The dichotomy between Kalakota and Robinson's use of the title "services" in a book about "processes" is difficult to fathom when one considers other bold statements made in the text, such as, "Service platforms are the emerging foundation for integrating and digitizing end-to-end processes," "The emerging service platform is the quintessential process environment," "Translating customer's need into business objectives, business objectives into processes, and processes into interactions is the role of service platforms," "As a result, we need a much better understanding of how to create, deploy, maintain, and enhance cross-enterprise processes," and "For most companies, the next step in the digitization journey is setting these composite process in motion."

Kalakota and Robinson even point out the weakness of a services-based approach, stating that, "It is not enough to have multiple Web services scattered all over the place. You need a framework that can pull everything together and make everything talk to each other." This sounds like a process to us. They go on to state that, "Services are built from composite processes," and "In our opinion, the design, management, and integration of business processes are increasingly what separates the good companies from the rest of the pack." They give examples of emerging services platforms, describing them as "an approach for designing and developing cross-application business processes," and that this entails "A great deal of sub-process design," and "The services perspective helps to eliminate functional stovepipes and replace them with processes that focus on creating value for customers." Finally, they provide a message for business people and technologists when they correctly point out that, "People tend to trivialize the need for process management. This is where initiatives often fall into problems. Actually, process management is becoming a field unto itself."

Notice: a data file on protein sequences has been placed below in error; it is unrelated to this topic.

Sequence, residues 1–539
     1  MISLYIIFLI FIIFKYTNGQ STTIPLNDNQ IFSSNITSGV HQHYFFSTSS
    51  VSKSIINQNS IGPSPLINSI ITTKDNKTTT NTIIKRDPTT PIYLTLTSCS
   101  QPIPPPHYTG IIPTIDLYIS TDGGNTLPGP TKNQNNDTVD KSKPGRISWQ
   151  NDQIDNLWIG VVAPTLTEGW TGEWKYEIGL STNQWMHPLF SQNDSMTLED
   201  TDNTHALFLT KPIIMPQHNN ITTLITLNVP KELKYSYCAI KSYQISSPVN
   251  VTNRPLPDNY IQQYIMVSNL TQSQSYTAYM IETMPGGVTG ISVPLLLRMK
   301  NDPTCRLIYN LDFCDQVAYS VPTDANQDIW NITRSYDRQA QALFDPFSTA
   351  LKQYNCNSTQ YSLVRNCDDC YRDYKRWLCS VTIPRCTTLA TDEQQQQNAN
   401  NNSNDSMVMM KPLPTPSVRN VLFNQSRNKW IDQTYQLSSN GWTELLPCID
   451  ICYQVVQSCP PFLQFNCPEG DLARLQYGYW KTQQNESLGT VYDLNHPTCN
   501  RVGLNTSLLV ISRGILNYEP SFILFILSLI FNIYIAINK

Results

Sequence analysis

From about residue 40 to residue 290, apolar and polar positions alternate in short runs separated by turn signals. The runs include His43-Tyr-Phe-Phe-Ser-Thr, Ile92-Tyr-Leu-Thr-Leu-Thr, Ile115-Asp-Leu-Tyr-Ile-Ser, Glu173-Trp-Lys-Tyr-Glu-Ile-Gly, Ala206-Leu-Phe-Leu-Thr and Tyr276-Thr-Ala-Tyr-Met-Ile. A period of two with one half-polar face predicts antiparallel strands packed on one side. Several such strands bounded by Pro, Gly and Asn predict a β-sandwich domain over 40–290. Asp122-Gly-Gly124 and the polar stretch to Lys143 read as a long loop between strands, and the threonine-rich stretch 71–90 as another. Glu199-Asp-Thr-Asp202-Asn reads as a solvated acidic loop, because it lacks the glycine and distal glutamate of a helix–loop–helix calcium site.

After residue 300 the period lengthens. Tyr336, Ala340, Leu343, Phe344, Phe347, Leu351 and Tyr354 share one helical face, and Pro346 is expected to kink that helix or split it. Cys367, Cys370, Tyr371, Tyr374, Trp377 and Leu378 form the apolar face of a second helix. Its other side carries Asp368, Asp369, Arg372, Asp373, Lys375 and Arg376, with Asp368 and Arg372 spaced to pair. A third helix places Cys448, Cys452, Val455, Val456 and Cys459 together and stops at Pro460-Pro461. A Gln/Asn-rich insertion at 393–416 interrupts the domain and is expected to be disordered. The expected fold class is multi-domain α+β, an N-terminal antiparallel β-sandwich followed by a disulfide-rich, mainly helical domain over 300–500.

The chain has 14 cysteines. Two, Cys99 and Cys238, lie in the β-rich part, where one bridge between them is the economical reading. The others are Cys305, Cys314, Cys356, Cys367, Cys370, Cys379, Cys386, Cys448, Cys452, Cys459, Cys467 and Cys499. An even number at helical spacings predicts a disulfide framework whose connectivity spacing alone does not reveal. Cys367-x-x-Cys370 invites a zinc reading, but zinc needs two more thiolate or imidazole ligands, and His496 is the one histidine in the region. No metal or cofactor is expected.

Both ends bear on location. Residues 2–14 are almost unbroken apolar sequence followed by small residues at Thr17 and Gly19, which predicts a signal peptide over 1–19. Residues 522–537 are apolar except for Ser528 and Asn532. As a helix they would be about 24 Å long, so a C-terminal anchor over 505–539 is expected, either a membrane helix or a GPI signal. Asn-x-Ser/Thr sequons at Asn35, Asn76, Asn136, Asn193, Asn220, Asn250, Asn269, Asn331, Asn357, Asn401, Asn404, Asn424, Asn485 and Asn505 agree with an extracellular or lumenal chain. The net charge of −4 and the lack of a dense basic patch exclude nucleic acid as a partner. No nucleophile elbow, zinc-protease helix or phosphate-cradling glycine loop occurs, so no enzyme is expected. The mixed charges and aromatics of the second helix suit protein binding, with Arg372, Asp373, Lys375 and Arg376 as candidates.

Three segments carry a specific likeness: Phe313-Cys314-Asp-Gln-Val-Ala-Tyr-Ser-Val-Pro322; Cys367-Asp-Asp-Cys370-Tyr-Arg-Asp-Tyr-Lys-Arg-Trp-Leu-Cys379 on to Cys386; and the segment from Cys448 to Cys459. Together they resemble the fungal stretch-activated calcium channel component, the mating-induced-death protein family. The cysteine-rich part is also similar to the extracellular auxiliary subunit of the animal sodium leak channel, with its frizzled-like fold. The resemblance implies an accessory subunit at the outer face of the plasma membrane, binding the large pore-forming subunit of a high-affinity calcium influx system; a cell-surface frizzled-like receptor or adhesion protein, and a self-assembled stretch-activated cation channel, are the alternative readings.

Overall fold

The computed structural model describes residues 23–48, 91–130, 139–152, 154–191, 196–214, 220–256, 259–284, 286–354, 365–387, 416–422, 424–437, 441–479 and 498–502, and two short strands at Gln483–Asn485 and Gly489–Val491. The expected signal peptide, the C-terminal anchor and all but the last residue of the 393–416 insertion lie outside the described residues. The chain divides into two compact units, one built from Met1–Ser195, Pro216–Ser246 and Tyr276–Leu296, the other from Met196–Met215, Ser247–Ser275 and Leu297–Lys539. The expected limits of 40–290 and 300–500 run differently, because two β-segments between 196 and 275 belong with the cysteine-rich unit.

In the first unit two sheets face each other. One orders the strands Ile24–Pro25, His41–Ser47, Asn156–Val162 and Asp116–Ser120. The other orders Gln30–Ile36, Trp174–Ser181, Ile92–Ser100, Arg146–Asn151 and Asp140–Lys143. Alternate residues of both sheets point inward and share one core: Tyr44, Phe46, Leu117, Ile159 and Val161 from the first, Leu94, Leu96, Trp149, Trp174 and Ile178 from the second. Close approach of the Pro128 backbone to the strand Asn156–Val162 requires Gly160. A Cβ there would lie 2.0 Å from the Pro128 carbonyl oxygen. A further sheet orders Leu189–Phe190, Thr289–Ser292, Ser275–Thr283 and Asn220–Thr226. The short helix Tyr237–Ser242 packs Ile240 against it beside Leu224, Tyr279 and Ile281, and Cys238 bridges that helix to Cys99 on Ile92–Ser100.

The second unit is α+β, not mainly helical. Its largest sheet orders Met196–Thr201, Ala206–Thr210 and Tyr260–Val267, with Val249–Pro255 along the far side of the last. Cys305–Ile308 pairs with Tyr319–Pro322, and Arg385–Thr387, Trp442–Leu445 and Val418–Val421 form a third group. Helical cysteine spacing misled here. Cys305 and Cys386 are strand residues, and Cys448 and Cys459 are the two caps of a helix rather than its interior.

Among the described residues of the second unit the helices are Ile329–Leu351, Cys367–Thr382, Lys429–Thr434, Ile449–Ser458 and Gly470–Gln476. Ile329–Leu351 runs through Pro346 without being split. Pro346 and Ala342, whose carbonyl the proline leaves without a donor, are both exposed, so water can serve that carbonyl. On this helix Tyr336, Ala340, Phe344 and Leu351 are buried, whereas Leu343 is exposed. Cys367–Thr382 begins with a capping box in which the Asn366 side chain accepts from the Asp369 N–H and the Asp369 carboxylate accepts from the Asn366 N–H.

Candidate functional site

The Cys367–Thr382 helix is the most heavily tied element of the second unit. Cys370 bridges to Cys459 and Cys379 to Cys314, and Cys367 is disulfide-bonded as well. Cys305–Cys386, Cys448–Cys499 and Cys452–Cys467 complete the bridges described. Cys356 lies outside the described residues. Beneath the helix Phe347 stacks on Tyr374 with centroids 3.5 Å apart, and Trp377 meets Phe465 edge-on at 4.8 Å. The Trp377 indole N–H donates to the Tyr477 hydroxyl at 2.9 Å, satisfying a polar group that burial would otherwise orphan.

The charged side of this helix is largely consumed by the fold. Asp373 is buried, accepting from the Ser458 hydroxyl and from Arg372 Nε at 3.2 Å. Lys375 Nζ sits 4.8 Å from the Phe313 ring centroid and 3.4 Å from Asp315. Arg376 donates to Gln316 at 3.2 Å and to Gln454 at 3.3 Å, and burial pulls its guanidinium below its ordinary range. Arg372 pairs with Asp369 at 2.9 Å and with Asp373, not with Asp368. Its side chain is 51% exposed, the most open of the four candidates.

Should the book have been called "Processes Blueprint: Roadmap For Execution"?

Can't We Just Call a Business Process a Business Process?
Where are the "services" in Kalakota and Robinson's book? What's in a name anyway? As they say on page 244, "The different operational lines of business speak the process languages of Lean Enterprise or Six Sigma." So why confuse readers by introducing terminology (services) inspired from Web services?

The notion of "service" in Kalakota and Robinson's book is really a synonym for three things.

First, they equate the need for services (a.k.a., processes) with the notion of a "focal point," another new term they introduce. They define "focal points" as business drivers such as "easy to do business with," "single voice of the customer," "low daily prices," "fast and responsive service," etc. But why introduce the term focal point? We think business people already understand the concept of a business driver.

Second, they equate service with process outcomes.

Third, they use the term "service platform" to refer to a new class of mission-critical enterprise software. But while some vendors who are developing infrastructure software may use the term "services platform" to refer to their software, we don't think what they are developing is what Kalakota and Robinson had in mind when they used the term. From diagrams in the book, we think Kalakota and Robinson are referring to business process management systems (BPMSs).